Click the link, read the article.
Essentially SK is saying that Epic purposefully breached it contract with SK, among other licensees, while developing their own titles. Thus costing SK oodles of money and eventually forcing them to develop their own engine.
It goes on to detail a number of specific alleged breaches of contract, particularly related to the delivery of Xbox 360 versions of the Unreal Engine 3 code. Epic's licensing document stated that a functional version of the engine would be available within 6 months of development kits being available.
Silicon Knights claims: "The final development kit for the Xbox 360 was released in early September, 2005, such that Epic was obligated to release the functional Engine for that platform no later than March, 2006."
The suit continues: "However, that deadline came and went without Epic providing Silicon Knights with a functional version of the Engine. Indeed, it was not until much later (November, 2006, far too late for time and cost-sensitive projects like SK’s videogames) that Epic ever provided anything resembling working Xbox 360 code to its licensees. Even at that belated date, though, Epic did not provide any guidance to licensees in how to implement the code it finally released."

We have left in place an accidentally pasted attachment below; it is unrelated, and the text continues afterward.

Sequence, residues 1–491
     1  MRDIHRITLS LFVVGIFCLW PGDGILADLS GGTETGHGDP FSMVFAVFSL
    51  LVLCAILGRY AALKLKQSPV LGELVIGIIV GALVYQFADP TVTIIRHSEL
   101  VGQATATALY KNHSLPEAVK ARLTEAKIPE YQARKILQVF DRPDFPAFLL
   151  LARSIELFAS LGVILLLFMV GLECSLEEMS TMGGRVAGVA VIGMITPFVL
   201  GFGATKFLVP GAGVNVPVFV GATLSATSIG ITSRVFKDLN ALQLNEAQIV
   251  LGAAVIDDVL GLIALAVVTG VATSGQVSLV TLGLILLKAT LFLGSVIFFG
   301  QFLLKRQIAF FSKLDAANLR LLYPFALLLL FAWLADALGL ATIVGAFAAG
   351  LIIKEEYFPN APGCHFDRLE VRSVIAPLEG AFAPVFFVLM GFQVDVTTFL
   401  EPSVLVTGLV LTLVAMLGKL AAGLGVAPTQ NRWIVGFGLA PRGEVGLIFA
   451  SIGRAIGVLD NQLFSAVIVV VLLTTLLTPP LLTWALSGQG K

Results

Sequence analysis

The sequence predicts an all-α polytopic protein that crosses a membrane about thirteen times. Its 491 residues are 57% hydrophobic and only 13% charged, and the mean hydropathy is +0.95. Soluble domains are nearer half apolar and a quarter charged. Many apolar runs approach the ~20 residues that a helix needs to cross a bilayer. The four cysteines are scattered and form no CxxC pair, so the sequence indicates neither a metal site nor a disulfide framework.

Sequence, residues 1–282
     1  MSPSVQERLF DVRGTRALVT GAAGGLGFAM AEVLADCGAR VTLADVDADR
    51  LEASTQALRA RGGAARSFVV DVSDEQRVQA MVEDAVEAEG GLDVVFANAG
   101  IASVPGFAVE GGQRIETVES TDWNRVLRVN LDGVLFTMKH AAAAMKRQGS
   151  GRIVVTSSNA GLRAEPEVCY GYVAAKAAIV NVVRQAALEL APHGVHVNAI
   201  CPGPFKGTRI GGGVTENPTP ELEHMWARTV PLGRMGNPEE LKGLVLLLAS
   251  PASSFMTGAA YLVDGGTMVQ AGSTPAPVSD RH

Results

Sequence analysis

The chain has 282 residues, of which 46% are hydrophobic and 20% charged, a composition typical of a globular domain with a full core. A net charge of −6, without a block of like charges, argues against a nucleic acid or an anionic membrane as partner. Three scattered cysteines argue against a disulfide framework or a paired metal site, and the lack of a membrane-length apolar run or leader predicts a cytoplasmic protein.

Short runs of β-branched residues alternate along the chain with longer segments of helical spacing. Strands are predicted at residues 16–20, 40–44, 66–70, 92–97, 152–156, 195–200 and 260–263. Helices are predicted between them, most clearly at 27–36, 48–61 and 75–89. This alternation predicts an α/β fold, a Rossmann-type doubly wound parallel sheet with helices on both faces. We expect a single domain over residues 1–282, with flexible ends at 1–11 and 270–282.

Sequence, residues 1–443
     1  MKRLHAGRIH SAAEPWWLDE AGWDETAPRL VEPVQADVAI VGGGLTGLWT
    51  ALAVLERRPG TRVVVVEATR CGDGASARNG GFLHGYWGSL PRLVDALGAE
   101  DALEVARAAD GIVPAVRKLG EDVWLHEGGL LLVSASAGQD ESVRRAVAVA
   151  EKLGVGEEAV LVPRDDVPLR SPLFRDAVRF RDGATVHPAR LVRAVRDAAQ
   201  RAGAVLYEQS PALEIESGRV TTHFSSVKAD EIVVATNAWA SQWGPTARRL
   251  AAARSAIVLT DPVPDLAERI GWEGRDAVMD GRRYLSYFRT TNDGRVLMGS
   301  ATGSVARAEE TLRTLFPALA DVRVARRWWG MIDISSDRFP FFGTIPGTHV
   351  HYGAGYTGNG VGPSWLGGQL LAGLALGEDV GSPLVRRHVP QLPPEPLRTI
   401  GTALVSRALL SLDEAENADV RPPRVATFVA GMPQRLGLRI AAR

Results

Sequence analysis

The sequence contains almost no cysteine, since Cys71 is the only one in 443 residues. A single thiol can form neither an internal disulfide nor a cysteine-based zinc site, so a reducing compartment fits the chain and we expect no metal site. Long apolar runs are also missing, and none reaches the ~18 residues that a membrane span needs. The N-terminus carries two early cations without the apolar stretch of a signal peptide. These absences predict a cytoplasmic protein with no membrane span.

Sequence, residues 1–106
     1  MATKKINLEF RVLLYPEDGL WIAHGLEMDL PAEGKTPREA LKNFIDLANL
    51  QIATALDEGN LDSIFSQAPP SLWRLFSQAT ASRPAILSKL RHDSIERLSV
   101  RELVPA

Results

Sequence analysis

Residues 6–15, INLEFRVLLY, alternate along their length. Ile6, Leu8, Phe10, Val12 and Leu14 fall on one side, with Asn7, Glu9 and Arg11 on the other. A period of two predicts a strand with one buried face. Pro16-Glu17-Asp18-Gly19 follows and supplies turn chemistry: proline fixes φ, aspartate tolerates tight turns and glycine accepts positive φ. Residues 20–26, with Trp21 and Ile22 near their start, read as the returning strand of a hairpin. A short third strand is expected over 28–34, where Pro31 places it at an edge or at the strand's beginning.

I am certain Epic has some interesting retorts with regards to these claims, and all will be revealed when they release their legal responses in court.
One has to wonder though, should Epic be a middleware supplier or a publisher/developer. It sounds like it is hard to be both, let alone one or the other.